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Inhalant Addiction Treatment in Illinois

Common household products like spray paint, cleaning fluids, aerosols, and even hairspray are readily available and can be misused to produce a short-lived, intoxicating high.

Inhalant abuse, often referred to as “huffing,” is a serious and potentially life-threatening form of substance use affecting adolescents and adults across the United States, with Illinois being no exception.

Common household products like spray paint, cleaning fluids, aerosols, and even hairspray are readily available and can be misused to produce a short-lived, intoxicating high.

If you or your loved ones are suffering from this type of drug abuse, this guide will walk you through the complexities of inhalant addiction, including the types of substances involved, the dangers associated with their use, and how to effectively treat this often-overlooked form of substance abuse.

A Brief Overview of Inhalant Abuse

One of the most important steps to combat any type of substance use disorder is to understand how it works and what it does to the brain.

The practice of huffing or misusing inhalants involves the intentional inhalation of vapors from various substances to achieve a euphoric high.

The intoxicating effects of inhalants are caused by their ability to rapidly enter the bloodstream and reach the brain. Once there, they typically act as central nervous system depressants, disrupting the normal functioning of brain cells.

The problem with this type of drug use is that continuous use of inhalants leads to brain damage and mental health disorders.

Besides the brain, inhalant addiction can also have devastating effects on other organs of the body, since they’re not fit for human consumption, but more about that in the following sections.

Types of Inhalants

Inhalants is a collective term that encompasses a wide range of addictive substances that produce volatile vapors.

However, they’re typically categorized into four main types based on their chemical composition. In some cases, inhalants may also contain a mixture of different chemicals. Here’s a quick look at some of them.

Volatile Solvents

These are liquids that evaporate easily and are often found in cleaning products, including household ones.

They typically include paint thinners, nail polish remover, cleaning fluids, glues, gasoline, marker fluid, degreasers, rubber cement, and correction fluid.

Aerosol Sprays

These include various pressurized containers that release a fine mist when sprayed. They typically include spray paint, hairspray,  fabric protector spray, deodorants, and vegetable oil spray.


These are substances that exist in a gaseous state at room temperature and are often inhaled directly through plastic bags.

The most common gaseous inhalant is nitrous oxide, also known as “laughing gas”, nitrous oxide is also consumed as whippets, which is a mixture of whipped cream and nitrous oxide).

The list also includes various anesthetics, such as chloroform and halothane in addition to some household gases like propane tanks, refrigerants, lighter fluid, and butane lighters.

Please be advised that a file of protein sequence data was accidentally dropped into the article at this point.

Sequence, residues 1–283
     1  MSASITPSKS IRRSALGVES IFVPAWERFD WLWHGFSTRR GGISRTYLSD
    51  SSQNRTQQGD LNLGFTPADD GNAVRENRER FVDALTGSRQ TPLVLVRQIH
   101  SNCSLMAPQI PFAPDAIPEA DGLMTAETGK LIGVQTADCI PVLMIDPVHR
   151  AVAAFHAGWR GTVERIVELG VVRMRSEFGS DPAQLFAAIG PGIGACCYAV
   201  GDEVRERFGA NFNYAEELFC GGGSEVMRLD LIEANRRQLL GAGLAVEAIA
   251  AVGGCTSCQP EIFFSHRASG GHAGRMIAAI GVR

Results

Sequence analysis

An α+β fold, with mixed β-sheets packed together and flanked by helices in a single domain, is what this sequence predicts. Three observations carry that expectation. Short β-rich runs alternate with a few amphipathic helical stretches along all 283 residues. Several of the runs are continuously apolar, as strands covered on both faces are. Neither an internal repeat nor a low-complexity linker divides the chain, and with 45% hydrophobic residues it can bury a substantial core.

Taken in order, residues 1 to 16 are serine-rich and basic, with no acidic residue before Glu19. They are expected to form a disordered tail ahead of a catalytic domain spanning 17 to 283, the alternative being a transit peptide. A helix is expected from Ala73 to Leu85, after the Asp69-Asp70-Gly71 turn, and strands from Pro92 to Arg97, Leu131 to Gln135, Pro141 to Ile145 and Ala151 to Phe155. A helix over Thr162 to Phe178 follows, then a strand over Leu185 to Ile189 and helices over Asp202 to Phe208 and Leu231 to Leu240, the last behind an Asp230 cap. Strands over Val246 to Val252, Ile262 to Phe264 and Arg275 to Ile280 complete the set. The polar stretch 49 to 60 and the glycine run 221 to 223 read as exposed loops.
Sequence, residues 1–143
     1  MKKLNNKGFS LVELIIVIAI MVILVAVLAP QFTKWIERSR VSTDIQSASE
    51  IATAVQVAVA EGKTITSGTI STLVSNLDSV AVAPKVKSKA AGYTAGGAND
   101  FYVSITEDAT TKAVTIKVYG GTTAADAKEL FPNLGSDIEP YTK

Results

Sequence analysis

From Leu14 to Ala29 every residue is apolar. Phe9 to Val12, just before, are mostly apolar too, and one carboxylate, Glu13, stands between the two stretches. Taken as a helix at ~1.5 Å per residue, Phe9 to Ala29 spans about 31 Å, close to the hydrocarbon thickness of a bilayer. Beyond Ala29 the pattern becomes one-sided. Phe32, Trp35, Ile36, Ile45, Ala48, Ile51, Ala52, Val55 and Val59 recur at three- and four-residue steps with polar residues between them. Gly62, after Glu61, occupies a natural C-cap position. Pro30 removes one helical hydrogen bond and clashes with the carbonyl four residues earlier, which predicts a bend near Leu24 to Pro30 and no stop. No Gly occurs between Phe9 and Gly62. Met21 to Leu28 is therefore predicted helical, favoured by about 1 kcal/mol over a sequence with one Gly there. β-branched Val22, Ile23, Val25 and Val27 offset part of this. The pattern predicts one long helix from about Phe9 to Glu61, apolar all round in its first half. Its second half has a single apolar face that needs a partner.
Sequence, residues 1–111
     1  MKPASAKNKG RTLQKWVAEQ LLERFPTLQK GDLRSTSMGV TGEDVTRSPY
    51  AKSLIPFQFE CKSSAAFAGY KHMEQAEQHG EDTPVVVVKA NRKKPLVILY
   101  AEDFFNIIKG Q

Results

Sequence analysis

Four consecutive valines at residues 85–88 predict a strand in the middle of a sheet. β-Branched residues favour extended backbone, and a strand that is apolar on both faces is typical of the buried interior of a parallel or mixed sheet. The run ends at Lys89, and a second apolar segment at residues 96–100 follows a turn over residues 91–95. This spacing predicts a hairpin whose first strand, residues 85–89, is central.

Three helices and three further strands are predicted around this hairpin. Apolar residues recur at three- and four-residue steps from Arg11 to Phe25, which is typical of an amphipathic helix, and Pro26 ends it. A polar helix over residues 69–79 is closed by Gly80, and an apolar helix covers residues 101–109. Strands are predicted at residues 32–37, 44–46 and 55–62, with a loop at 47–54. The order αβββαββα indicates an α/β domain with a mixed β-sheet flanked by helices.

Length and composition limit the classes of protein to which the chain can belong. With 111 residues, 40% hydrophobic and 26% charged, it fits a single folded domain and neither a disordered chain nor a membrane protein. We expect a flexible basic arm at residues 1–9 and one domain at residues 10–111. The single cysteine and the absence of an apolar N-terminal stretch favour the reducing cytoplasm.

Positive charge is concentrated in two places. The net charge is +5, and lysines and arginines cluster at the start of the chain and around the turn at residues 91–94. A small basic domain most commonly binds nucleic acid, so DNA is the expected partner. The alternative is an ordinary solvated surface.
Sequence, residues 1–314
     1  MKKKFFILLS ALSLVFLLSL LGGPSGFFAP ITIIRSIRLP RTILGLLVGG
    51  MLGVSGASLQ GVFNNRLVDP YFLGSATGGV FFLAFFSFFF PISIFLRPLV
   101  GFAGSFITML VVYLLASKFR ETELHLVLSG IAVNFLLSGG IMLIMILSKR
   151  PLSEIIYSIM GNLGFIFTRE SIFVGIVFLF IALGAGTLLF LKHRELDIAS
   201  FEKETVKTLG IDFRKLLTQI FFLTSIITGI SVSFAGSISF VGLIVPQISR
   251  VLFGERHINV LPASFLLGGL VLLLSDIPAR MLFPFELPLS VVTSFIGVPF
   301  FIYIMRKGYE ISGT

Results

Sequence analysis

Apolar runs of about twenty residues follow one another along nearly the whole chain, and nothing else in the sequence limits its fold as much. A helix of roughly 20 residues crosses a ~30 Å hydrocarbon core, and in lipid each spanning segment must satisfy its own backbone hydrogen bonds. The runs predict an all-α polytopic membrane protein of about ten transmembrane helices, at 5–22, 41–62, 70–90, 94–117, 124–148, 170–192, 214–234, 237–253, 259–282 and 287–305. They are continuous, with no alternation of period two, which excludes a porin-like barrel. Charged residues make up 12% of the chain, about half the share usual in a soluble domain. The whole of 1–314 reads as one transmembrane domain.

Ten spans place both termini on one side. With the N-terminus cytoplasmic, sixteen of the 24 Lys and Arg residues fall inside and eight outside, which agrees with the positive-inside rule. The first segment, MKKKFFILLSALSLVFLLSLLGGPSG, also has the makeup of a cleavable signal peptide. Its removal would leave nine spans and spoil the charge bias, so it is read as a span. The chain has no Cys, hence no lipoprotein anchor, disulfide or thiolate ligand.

These are a specific class of inhalants with distinct effects compared to others, which include Amyl nitrite, butyl nitrite, and isobutyl nitrite.

These inhalants are found in liquid aromas, room deodorizers, and some types of leather cleaners.

Why Inhalants Are So Addictive

Different inhalants may function differently. However, they usually have the same addictive patterns.

They’re quickly absorbed and reach the brain to produce their effects. This creates a sensation of euphoria that encourages addictive patterns through dependence.

Some inhalants like nitrous oxide effects have specific effects on the brain, as they causes continuous episodes of laughing, which is why it’s commonly abused for recreational purposes.

Is Inhalant Addiction Common in Illinois?

Although inhalants aren’t the most commonly abused drugs, it’s becoming a serious problem all across the nation, and not just in Illinois.

In fact, reports show that over 1.8 million individuals above the age of 12 abused these drugs in 2015, and the numbers grew to around 2.2 million in just a few years, according to reports by SAMHSA and the National Institute on Drug Abuse.

The real danger of inhalants doesn’t stem from their potency or their addictive potential. Instead, it comes from how easily it can go unnoticed until the late stages of addiction.

As you’ve noticed, many inhalants are readily available in common household products, making them easily accessible and often the first form of substance experimentation for adolescents.

What Are the Effects of Inhalant Addiction?

Despite being relatively more accessible than mainstream drugs, inhalants can cause a wide range of serious effects on the body and mind. These include both short-term and long-term effects.

Short Term Effects

  • Intoxication that leads to the drug effects, including slurred speech and slow responses
  • Spasms and convulsions
  • Lethargy and general weakness
  • Coughing and shortness of breath due to inhaling toxic fumes
  • Fainting that may progress to coma
  • Nausea and vomiting
  • Headaches
  • Poor coordination
  • Blurred vision

Long Term Effects